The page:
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A Meditation On The Incarnation Of Christ, Sermons On The Life And
Passion Of Our Lord And Of Hearing And Speaking Good Words. -Thomas A Kempis

THE multitude of believers bad but one beart and one soul in God. O how holy and pleasant was that assembly I in the primitive Church, gathered by the Holy Ghost; which was proof against disturbance: as long as the unity of faith was kept whole in the bond of charity. To keep this perfectly, very great help is found in the renunciation of proprietorship in temporal goods; conformity in holy conduct: ready obedience in subjects; exemplary life in superiors: loving condescension towards the weak; severe amendment of excesses: due order in divers offices. And that nothing haply be wanting or lost to the community: all according to their power should promote the common good: that love may be resplendent in all for the holy work: and God be thereby greatly glorified. All these good things are seen first practised by the holy apostles; and by them afterwards handed down to others of the faithful: but especially commended for imitation to religious and the prelates of the Church. For as long as the apostolic life shone in the head and the members: good things were with them, and great grace in all things. And because they sought God, and spurned earthly things: temporal goods were added unto them with spiritual gifts; and they were held worthy of so much the greater honour: the more humbly they esteemed themselves and despised all worldly glory. Well and moderately they used the gifts received; they did not become haughty in the dignities and benefices bestowed on them: but with fatherly care they ruled their subjects in great discipline. Moreover in compassion they most generously succoured great numbers of the poor and sickly; they offered likewise words of holy comfort to the afflicted and tempted: they restrained themselves and others from idle discourse; knowing that for every idle word that men shall speak: each must render an account in the judgement.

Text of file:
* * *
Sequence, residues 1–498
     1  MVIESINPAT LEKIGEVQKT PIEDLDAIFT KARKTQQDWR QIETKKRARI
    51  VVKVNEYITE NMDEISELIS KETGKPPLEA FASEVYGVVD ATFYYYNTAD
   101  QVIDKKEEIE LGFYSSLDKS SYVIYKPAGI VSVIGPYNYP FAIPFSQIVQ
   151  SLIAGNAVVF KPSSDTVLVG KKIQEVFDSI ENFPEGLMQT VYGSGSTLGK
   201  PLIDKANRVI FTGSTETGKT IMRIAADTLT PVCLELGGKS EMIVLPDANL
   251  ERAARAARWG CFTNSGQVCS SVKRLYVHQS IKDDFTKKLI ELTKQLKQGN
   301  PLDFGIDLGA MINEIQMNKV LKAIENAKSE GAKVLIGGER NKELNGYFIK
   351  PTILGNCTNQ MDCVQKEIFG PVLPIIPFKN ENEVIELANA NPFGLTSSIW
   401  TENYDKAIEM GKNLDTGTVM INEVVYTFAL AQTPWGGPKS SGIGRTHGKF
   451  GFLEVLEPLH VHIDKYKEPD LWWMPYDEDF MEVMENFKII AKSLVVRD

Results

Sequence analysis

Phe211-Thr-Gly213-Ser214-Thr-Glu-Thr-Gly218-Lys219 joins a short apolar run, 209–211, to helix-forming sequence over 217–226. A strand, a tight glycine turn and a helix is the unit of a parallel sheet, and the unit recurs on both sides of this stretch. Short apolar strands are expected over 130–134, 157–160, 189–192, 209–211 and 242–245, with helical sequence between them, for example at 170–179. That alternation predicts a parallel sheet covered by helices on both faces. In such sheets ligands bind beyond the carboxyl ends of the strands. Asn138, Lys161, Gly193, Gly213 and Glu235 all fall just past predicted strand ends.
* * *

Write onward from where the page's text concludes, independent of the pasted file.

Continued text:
But when some had commenced to cool from the heat of faith, and to turn aside without restraint after ease of the flesh: to seek their own, to ambition honours: alas, at once murmurs arose and scandals: and THE TARES OF DISCORD WICKEDLY SOWN BY THE EVIL ONE appeared: to spoil the grain of the good seed in the Lord’s field. But this deadly disease and commencement of dissension the holy apostles met with a most wise counsel: and they chose faithful ministers to provide the needful nourishment to the multitude of the saints. But they themselves were instant in prayer and preaching, as they had been TAUGHT BY THE HOLY GHOST, PREFERRING SPIRITUAL TO TEMPORAL THINGS: and they brought forth the witness of the law and the prophets to settle the questions that were moved and the cases that arose. And the Holy Ghost went still further in bestowing His gifts more fully upon the newly converted. For He filled some of the believers with the spirit of prophecy for the consolation of the primitive Church: He appointed others teachers for the instruction of the ignorant; He converted also many priests and masters of the law to the gospel truth: He likewise wrought many signs and wonders among distant nations to spread the Catholic faith. The implacable foe, the devil, saw this and envied; he grieved, and moved the kings and princes of the earth: to rage in arms and pursue the faithful on all sides. And because more plenteous grace flourished in Jerusalem, and the apostolic fervour commenced to make greater increase; therefore Satan stormed more furiously there, and strove to crush the beginnings of the budding Church with the scourge of persecution: and to drive them from their dwellings to foreign nations. But this malice of the devil and temporary persecution of the faithful, God turned to the salvation of many: and to the more wide-spread knowledge of His holy name. And the temporal tribulation of the just was made the washing away of vice; and what the crafty tempter had designed for their destruction: the loving Saviour ordained for the crown of their patience. For if there had not been so grievous a persecution in the world: there would not be so many martyrs crowned in Heaven. For many of the faithful resolved rather to shed their blood, than to deny the faith: and more willingly to undergo death: than depart from the love of Christ. FAR BE IT, FAR BE IT, THAT SATAN SHOULD BE MORE POWERFUL WITH HIS FOES TO HARM: THAN CHRIST WITH HIS HOLY ANGELS TO DEFEND. For the malignant spirit could have done NOTHING AGAINST THE PIOUS, UNLESS God had justly suffered it; Who, knowing the deeds and strength of each, by such occasions of sorrow, raised His elect to EVERLASTING GLORY: and buried their foes by inexorable damnation in eternal fire. Thus good and bad, according to their deserts, merit to receive what is just: for the justice of God leaves no good unrewarded, no evil unpunished.